At the Ukrainian Museum in Saskatoon I spent a long time looking at a series of paintings by William Kurelek showing the life of pioneer women in Canada. They moved from one task to another, gardening, child care, home improvements, housework, cooking, cleaning, laundry. Did they ever have to ask “what next?” when another task always lay before them.  Life was just one long, never-ending arc of work. In my teaching career I have often felt that way too- in September when school opened I stepped onto this long moving walkway of endless grading, lesson planning, meetings, crisis, problem solving, classroom organizing and a million other things. That walkway just kept moving and as fast as I walked I never reached the end. My old school in Hong Kong has already opened for the year and as I see e-mails and Facebook postings from my teaching friends there, I am not sure yet if I am completely happy or just a little bit sad that I won’t be stepping onto that teaching walkway of work this year.

Our son and his wife bought a home in Saskatoon a year ago, which we saw for the first time on our recent visit. Although their home is new and they are the first people to live in it, they are already asking “what next?” when it comes to things they want to do in their house and on their yard.  They were busy landscaping while we were there.  They have plans to finish the basement and build a deck and cover a walkway in their backyard with a roof. When you are a home owner you seem to constantly be thinking about what’s next when it comes to maintaining your home. It was kind of nice in Hong Kong where we rented a serviced apartment not to have to worry about any of those things. If something needed to  be done in our suite we just called the front desk and they sent people up to take care of it.  Already since moving back to Winnipeg we’ve made long lists of things we need to do in our condo here- replace a cracked window pane, buy a new washer and dryer, paint the walls, fix the mailbox lock, clean the ceramic sink, reinstall the broken towel bars, caulk the bathtubs, put up picture hangers……… I’m not sure I like being so responsible and having to constantly think about what’s next when it comes to home maintenance.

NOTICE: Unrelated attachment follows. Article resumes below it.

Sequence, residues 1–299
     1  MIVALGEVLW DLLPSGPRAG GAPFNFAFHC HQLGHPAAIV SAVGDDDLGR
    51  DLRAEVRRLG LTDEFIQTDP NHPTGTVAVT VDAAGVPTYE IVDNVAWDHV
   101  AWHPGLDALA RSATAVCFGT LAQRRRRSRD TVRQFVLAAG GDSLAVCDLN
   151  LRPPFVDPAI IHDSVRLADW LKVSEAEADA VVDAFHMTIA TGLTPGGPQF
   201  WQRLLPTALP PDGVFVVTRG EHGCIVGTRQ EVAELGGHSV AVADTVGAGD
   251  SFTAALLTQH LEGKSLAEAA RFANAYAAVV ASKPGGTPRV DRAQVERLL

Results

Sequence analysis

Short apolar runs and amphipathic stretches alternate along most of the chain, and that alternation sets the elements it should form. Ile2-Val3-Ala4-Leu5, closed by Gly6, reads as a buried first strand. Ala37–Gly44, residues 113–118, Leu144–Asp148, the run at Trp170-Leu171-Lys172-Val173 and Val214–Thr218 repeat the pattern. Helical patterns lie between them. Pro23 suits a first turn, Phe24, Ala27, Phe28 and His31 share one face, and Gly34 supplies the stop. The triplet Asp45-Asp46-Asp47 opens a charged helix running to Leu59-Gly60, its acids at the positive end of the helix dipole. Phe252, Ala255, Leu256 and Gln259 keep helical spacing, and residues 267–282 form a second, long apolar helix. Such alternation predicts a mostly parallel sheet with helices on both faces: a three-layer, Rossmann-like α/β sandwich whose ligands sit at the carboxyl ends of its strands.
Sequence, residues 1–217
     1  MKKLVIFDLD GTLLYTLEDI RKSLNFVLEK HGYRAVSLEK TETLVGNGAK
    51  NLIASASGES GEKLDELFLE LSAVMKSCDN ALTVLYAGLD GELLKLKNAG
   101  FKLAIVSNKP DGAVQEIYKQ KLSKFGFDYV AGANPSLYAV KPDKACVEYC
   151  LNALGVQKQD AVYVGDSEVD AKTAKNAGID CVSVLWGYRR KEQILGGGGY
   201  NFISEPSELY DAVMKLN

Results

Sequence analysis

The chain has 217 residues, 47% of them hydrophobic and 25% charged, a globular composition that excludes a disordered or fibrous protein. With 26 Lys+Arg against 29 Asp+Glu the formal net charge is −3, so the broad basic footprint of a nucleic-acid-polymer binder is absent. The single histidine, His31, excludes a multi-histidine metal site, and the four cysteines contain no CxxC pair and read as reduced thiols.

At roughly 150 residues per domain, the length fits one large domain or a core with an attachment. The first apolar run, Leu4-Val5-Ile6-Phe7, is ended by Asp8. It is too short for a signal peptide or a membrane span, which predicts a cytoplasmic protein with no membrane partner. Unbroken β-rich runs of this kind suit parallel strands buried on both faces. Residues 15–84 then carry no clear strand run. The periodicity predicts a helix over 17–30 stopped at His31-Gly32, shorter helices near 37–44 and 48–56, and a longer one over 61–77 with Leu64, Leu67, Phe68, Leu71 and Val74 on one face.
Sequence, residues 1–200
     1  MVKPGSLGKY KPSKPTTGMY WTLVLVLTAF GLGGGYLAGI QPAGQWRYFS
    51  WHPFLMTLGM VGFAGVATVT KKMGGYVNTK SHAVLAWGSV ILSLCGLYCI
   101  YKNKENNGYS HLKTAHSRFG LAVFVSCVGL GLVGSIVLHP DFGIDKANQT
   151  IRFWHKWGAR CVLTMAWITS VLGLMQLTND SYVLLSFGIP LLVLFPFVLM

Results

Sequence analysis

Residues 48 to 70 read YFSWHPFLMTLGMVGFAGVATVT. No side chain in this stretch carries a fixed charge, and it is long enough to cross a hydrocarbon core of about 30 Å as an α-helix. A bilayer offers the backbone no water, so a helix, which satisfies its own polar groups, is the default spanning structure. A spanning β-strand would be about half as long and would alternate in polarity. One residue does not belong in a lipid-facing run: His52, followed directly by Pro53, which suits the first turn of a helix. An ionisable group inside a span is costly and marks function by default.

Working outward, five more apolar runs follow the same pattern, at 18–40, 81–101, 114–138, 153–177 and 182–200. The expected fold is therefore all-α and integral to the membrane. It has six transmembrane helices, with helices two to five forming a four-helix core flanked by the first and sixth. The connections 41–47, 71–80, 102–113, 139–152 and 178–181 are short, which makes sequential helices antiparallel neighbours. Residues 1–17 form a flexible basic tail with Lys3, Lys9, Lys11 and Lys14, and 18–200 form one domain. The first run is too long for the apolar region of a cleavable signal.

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Aunt Vi

I had two nice long visits with my Aunt Vi during the week I spent in Saskatoon. Viola is my mother’s older sister. Aunt Vi had a rewarding career as an elementary school teacher and since her retirement she has traveled the world and done all kinds of volunteer work for her church and community. She lived with my grandmother for many years caring for her after my grandfather’s death. I don’t think Vi is a person who ever says “What’s next?”  She always has so many projects and plans on the go and she moves calmly from one to the other.  Vi does needlework and gives almost all of it away.  As her nieces and nephews have begun to mark their twenty-fifth wedding anniversaries each has received a beautiful picture she’s made.  Each picture requires thousands of stitches and endless hours of Vi’s time.
Here’s Vi with my son and his wife. She made them a needlepoint picture of the Prayer of St. Francis as a wedding gift. My husband Dave and I stayed with Aunt Vi five years ago when we were in Saskatoon getting ready for their wedding and Vi helped me make hundreds of dainties and desserts to serve to the wedding guests after the ceremony.  

Aunt Vi is busy now writing her life story.  She likes to do jig saw puzzles and she is a member of a book club. For many years she has organized music and recordings to sell at an annual fund raiser for the symphony orchestra in Saskatoon and her door is always open to guests.  She loves to cook and bake and keeps records on cards what she served you the last time you were her guest so she won’t repeat the same menu.  

Vi is easy to talk to and she is an excellent listener. It’s no wonder so many people phone her or stop in for a chat at her apartment in the Saskatoon senior’s complex where she lives. She keeps a guest book and has all her guests record their names. I don’t know how many of those books she’s already filled, but I’m sure by now its dozens.      

Aunt Vi with my Aunt Louise at my brother’s wedding

Despite the fact she always has many projects on the go, she seems so relaxed and always makes time for activities and programs at her church, and in the seniors’ community where she lives.  Walking the halls of that community with her, as I did last week, it is clear everyone knows her. She has a friendly comment for each person she meets and she makes a habit of giving cards to people who need affirmation or encouragement.  


Aunt Vi holds our son when he was a baby

 Aunt Vi has no children of her own but she has been a caring and conscientious aunt and great aunt- remembering us all at Christmas with gifts, praying for us and never missing family celebrations and events.

As I ask “What’s next?” and think about how I want to spend my retirement years- Aunt Vi is definitely someone I can look to as a role model.